May 12, 2010

A bridge too short

A lack of financing and will hampers sensible approach to bridge building

At last week’s meeting of the Louisville-Southern Indiana Bridges Authority, the name of the game was sports.

“I’d characterize the laying of groundwork (for the project) as spring training, if you will,” says Authority Executive Director Steve Schultz. “People will say three months is a lot of time for spring training, but we’ve had a lot of issues to work through. It’s been very productive, but I think a new season is about to begin.”

Unfortunately, the team won’t be playing ball any time soon, as the spring training season for the $4.1 billion Ohio River Bridges Project has been going on for closer to three decades, with no financing plan in place as of yet. With federal and state transportation money only able to cover a fraction of the project’s overall cost, the authority remains committed to “any and all options” with which to finance the project, including tolls.

In the span of their nearly two-hour meeting — which featured silent protestors sitting in the audience holding “Save Louisville” signs — the authority played a game of musical chairs, replacing outgoing Chairman Joe Prather with existing-member Charles Buddeke, as well as welcoming Lexington banker Luther Deaton Jr. into their fold.

They also trotted out two of the project’s development managers, who detailed cost-saving measures they’ve undertaken that tweak the project as-is. The most ridiculous one involves the downtown stretch of I-64, which project manager John Sacksteder says would raise the elevation of the downtown stretch of I-64 so as to “expand the viewing threshold,” thereby creating the illusion of a smaller concrete footprint.

Although Sacksteder says this would save $24 million toward the overall cost, it remains a drop in the bucket compared to the biggest possible financial tweak they could make, which, according to Schultz, just isn’t in the cards.

“When it comes to defining the project, the project has been defined for us,” he says. “It’s not within our scope to change the perimeters of the project, which has been established by the 2003 record of decision. Our job is to find a way to pay for it.”

That “record of decision” Schultz cites? It’s basically the blueprint — a playbook, if you will — for the ORBP that Schultz, Sacksteder & Co. must adhere to as they attempt to secure billions of non-existent dollars in financing. From this lone document springs forth every component, from the necessity of a two-bridge solution to how best to mitigate the project’s environmental impact on near-site neighborhoods.

Yet if what other communities have done under similar circumstances bears any mention, then dogmatic adherence to records of decision might be why our attempts at bridge building are floundering.

In the mid-1990s, St. Louis found itself in a familiar pickle: As downtown traffic across the Mississippi River became unbearable in light of regional growth patterns, the city knew it would need to build at least one new cross-river bridge to alleviate growing automotive congestion. A Missouri-Illinois bi-state bridges authority was formed to tackle this problem.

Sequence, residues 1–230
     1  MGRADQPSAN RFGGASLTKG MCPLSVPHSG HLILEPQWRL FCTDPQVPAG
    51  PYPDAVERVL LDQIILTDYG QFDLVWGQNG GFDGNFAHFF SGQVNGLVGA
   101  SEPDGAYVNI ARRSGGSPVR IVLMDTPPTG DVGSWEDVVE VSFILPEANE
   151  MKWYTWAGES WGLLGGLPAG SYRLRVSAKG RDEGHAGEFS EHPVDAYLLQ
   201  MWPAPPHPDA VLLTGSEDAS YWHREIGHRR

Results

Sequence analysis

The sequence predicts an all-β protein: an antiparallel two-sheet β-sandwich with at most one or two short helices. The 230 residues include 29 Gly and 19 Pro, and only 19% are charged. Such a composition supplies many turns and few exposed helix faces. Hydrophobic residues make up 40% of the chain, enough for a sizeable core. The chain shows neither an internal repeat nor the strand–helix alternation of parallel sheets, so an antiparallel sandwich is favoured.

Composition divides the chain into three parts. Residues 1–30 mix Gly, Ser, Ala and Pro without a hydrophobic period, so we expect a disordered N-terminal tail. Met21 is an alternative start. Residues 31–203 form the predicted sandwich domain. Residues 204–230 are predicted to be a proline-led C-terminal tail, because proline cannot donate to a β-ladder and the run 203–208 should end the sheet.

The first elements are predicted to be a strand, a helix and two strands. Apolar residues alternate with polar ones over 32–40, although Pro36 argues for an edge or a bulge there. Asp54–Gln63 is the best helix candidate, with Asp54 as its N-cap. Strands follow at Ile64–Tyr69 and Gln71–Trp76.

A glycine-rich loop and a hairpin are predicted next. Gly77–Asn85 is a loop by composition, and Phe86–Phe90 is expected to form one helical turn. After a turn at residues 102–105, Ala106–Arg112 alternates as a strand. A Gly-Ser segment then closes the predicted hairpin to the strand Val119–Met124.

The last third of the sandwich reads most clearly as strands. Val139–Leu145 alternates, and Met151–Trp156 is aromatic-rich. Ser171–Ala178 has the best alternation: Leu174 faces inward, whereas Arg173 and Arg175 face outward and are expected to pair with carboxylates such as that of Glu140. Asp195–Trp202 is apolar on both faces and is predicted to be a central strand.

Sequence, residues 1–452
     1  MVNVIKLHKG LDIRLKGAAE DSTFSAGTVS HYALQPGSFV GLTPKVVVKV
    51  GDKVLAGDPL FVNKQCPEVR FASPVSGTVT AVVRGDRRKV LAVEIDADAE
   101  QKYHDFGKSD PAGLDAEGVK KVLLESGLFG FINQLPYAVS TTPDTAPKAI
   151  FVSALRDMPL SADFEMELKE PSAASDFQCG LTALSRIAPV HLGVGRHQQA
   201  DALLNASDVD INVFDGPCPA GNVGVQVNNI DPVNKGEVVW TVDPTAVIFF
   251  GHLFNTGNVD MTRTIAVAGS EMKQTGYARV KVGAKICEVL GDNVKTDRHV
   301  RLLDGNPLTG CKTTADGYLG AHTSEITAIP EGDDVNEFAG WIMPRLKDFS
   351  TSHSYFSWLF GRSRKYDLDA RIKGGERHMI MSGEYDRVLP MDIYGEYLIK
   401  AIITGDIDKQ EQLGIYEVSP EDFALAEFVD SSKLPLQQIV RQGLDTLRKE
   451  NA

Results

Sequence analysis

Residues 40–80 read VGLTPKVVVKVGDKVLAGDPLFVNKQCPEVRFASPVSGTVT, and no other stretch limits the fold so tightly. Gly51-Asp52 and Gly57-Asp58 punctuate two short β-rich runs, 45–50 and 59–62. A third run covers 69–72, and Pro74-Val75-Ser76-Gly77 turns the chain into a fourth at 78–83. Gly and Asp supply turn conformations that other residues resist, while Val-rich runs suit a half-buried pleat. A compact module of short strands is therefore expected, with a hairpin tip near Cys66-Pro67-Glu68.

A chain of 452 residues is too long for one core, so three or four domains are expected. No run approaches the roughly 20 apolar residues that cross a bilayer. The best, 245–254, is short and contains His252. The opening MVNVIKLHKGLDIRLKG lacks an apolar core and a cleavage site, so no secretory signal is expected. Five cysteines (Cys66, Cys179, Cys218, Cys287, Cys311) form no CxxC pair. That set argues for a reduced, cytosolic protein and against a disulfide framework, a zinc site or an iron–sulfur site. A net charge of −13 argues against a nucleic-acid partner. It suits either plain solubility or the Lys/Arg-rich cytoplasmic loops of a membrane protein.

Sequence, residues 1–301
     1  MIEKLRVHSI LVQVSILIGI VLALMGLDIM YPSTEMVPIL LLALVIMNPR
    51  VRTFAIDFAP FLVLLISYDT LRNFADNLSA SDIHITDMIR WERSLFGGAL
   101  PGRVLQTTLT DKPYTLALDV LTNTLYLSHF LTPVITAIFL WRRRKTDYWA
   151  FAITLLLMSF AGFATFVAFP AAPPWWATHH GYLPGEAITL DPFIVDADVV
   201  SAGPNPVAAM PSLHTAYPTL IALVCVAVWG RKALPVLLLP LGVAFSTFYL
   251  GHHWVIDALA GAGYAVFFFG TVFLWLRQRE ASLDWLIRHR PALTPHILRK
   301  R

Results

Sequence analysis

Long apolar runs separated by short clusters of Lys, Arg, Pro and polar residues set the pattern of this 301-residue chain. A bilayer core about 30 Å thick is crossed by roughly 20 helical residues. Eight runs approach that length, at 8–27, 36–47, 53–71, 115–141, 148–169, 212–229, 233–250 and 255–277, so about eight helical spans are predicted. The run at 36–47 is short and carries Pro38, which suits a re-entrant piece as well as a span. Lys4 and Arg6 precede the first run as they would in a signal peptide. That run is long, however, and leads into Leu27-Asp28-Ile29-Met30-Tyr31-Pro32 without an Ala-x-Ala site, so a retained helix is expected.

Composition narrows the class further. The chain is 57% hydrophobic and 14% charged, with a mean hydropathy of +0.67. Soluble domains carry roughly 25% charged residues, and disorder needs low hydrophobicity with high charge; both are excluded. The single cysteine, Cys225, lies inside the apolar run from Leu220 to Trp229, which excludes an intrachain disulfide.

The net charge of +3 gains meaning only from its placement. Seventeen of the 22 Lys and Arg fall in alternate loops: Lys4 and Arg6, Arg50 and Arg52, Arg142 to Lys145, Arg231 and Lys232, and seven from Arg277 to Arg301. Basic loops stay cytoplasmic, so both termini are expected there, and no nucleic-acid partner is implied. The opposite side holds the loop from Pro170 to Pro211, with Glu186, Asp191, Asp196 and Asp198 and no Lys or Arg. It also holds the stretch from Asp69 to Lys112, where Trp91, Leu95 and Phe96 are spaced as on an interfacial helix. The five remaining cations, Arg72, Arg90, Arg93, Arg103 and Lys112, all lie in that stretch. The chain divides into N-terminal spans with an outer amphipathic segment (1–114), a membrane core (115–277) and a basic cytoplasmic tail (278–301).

It wasn’t long, however, before the Midwestern authority hit a major roadblock. Within a decade, the cost of their two-bridge solution had ballooned from a few hundred million dollars to more than $2 billion, which neither state could afford. Instead of advocating tolling or Wall Street-engineered debt-financing schemes, the authority did something unheard-of by ORBP standards.

“We went back to the drawing board to look for alternatives,” says Mississippi River Bridge Director Greg Horn. “We came up with a bunch of different concepts, looked at public-private partnerships, which included inviting some giant conglomerate in to operate the tolls, neither of which was very popular.”

In the end, Horn, a 26-year veteran of the Missouri Department of Transportation, says the authority changed its record of decision. Since doing so, they’ve been able to tackle the project piece-meal and are now under construction on a one-bridge solution. It’s a kind of “build-as-you-go” approach that has saved both states $1.4 billion.

“There’s little point in having a record of decision if you can’t afford it,” Horn says. “You might as well not have one at all if you can’t pay for it, the end result would be the same: You get nothing done.”

Horn says the solitary, four-lane Mississippi River Bridge will meet their original traffic alleviation goals within 20 years, and attributes its ongoing construction to the ability of civic leaders to reduce the project’s size by altering the record of decision.

“Oh, it was very controversial at the time,” adds Horn. “There were many people who would say that if we went back to the decision at all then we’d threaten the project itself. In our case, that simply wasn’t true.”

Getting back to our neck of the woods (and our fondness for sports clichés), this is the equivalent of a Hail Mary pass: It’s a long shot, but given the limited fiscal means of Kentuckiana, it might be the only way to win the game.

According to the Kentucky Transportation Cabinet’s six-year highway plan, of the 55 separate components that make up the bridges project, only 30 components have a source of stable state or federal funding. The remaining 25 have been dubbed “IF,” which stands for Innovative Financing, meaning anything from tolls to an increase in the gas tax to privately financed loan wizardry — essentially because they haven’t found a way to pay for it yet.

But since tolling existing bridges — an idea popular within the authority — would require a rare form of federal approval to enact, a Hail Mary might be all they’ve got.